Not happy practicing law, Sorkin took a job with The Advisory Board in 1996. The company later split in two and Sorkin joined the new Corporate Executive Board, launching and managing different product and business lines that help companies grow. The Sorkins’ first child, Emma, was born in 2000, and Claire followed in 2002.
As the years passed and he remained healthy, Sorkin no longer worried about cancer. He stopped getting annual scans, but was forced to lose weight and start exercising after his cholesterol shot up from bad eating habits.
Then came the lung cancer diagnosis in August 2007. Sorkin began treatment immediately, and he and Lisa focused on keeping their daughters’ lives normal.
As devastating as the diagnosis was, Sorkin knew he could count on his radiologist-brother and other medical friends to help sort out his treatment. His sister-in-law, a child life therapist, could offer advice on dealing with the kids. He had his mother’s example of resilience in the face of hardship, along with friends ready to provide assistance.
Sorkin’s mother, a longtime smoker, died a year after she was diagnosed with lung cancer. Already incapacitated by multiple sclerosis, she refused treatment, Sorkin says.
“I was feeling like everything that had happened in my life prepared me for that moment,” he says of his diagnosis. “Every nonmedical issue was taken care of, so I could do my best to get better and not worry about anything else.”
Sorkin underwent four months of chemotherapy at The Johns Hopkins Hospital in Baltimore. In January 2008, he underwent successful radiosurgery on his brain after tumors were found there. Afterward, his doctor put Sorkin on a new chemo regimen, which has reduced the size of the tumors in his chest and kept the disease in check for more than three years. Sorkin gets an infusion every month or so.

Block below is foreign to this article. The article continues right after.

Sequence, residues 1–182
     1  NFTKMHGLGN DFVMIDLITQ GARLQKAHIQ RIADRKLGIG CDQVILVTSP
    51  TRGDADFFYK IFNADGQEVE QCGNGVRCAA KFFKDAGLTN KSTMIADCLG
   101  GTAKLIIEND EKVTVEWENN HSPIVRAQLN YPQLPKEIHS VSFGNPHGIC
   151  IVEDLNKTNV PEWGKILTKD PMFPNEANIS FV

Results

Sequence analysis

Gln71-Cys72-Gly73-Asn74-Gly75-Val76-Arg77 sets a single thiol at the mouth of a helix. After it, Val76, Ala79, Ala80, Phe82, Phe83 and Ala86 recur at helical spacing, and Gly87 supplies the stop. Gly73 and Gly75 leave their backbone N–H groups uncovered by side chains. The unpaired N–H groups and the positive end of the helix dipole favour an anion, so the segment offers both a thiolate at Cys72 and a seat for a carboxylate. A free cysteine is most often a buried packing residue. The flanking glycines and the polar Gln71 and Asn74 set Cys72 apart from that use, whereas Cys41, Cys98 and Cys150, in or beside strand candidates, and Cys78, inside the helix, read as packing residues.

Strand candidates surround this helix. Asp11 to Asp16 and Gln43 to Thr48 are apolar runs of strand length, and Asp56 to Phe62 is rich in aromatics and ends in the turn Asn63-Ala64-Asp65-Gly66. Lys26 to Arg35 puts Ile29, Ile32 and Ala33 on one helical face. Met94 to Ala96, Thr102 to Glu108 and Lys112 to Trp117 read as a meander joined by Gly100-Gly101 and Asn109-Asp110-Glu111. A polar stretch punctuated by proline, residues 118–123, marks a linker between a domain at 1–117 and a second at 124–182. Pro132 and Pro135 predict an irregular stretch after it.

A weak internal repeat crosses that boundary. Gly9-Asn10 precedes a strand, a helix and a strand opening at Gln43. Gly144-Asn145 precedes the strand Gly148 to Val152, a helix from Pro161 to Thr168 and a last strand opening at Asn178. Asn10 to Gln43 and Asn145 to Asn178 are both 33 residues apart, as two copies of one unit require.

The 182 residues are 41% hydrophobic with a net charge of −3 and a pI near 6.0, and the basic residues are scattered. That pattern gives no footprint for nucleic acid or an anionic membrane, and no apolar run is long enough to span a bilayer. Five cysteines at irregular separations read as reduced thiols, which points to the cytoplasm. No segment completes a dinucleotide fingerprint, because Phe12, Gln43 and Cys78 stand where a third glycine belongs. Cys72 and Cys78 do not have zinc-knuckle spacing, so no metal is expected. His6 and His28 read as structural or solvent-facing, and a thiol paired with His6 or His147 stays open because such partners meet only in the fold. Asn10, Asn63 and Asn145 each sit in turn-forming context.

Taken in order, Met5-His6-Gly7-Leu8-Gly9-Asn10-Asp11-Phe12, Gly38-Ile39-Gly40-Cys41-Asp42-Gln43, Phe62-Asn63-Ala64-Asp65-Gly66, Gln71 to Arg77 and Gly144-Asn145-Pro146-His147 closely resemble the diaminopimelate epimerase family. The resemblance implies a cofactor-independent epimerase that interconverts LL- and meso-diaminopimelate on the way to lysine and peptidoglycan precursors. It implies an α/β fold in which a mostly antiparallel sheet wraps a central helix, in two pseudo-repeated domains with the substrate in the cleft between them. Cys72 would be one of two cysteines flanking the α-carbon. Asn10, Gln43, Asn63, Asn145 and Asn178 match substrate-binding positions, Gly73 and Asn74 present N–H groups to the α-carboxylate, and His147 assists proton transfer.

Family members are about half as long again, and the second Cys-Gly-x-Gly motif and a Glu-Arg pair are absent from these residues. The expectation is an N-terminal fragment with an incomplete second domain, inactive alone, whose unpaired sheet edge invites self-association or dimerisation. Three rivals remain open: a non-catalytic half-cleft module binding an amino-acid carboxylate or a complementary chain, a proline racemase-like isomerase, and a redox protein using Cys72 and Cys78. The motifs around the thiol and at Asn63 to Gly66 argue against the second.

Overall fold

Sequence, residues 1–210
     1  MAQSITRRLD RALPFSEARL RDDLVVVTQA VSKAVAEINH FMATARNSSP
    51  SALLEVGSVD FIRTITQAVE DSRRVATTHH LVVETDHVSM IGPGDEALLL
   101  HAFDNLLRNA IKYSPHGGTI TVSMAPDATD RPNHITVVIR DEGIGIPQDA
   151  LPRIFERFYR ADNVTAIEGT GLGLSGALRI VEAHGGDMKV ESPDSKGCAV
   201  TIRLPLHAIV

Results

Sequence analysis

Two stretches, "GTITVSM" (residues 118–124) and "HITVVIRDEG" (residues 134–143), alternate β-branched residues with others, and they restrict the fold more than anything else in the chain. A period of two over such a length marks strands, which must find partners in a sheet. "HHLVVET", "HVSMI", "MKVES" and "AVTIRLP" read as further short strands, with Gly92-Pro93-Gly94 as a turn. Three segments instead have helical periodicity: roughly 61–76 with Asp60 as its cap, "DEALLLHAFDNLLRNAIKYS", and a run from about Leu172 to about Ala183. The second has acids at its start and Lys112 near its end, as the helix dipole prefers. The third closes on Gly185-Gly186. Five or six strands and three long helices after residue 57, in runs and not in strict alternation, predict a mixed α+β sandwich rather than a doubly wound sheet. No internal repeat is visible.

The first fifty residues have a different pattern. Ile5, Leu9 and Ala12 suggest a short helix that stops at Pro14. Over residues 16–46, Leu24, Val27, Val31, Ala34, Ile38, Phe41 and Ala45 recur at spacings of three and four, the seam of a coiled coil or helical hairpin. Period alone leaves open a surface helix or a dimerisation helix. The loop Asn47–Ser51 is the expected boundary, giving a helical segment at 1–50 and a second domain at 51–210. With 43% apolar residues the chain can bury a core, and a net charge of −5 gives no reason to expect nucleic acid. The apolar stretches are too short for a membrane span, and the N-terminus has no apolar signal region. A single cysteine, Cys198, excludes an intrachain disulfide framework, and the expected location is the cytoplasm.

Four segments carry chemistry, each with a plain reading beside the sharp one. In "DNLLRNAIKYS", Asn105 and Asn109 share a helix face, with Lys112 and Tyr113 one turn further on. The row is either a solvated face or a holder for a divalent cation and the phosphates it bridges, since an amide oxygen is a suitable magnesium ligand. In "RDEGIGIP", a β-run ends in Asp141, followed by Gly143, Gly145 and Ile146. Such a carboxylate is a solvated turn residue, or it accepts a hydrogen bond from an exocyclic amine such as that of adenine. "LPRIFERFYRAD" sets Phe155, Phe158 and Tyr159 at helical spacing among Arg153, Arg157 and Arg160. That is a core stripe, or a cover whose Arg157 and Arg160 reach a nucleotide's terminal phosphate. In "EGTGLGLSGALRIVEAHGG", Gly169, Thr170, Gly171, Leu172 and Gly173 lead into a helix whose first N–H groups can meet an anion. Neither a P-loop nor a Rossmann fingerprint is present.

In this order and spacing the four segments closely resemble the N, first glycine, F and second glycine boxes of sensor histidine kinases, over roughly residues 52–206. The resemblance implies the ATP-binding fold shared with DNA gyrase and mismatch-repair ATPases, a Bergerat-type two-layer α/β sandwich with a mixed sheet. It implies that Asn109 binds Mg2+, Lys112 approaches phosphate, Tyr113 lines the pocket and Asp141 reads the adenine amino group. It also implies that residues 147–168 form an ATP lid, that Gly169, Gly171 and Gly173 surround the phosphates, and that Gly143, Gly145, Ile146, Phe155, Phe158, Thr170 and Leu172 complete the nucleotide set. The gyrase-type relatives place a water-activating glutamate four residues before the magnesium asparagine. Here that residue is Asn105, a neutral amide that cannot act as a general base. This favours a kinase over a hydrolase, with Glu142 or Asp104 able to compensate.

“I’ll do this for another 30 years and be delighted,” Sorkin says. “There don’t seem to be any toxicity problems.”
Still, no one can say when or if the disease will become active again. “It’s a guessing game,” he says.
Life has resumed its day-to-day rhythm since the disease has stabilized. Lisa is a stay-at-home mom, while Sorkin works part-time for the Corporate Executive Board, arranging philanthropy and service activities for employees. He has joined the board of Congregation Beth El, the family’s synagogue in Bethesda, and coaches Emma’s soccer team.
“I have a hard time planning too far ahead,” he says. “But I am really passionate about the things I’m involved in now.”
He and Lisa say his illness has made them more tolerant as a couple. She overlooks his sloppiness, and both are less bothered by petty annoyances. Dealing with a life-threatening illness “forces you to get perspective, to take a larger view of things and let the small things go,” he says.
In February, the Sorkins were invited to the White House for a visit with his old classmate. President Obama had previously sent a note after a mutual acquaintance told him about Sorkin’s illness. Sorkin and the president talked about their kids and caught up on the years since law school. “I got a big hug from the president,” Sorkin says. “It was very special.”
In July, the family traveled to Alaska and the Pacific Northwest. In August, Sorkin and Emma headed to Philadelphia to participate in a bike ride to raise money for cancer research sponsored by the LIVESTRONG Challenge.
Spending time with his family remains Sorkin’s top priority. Still, as he watches friends progress in their careers, he can’t help feeling wistful.
“I wonder what I’d be doing now if I hadn’t had this detour for the last few years,” he says. “But I feel so incredibly fortunate to have had it. Look what I’ve done over the last four years.” n
Julie Rasicot lives in Silver Spring and writes the Education Matters blog for BethesdaMagazine.com. To comment on this story, email comments@bethesda magazine.com.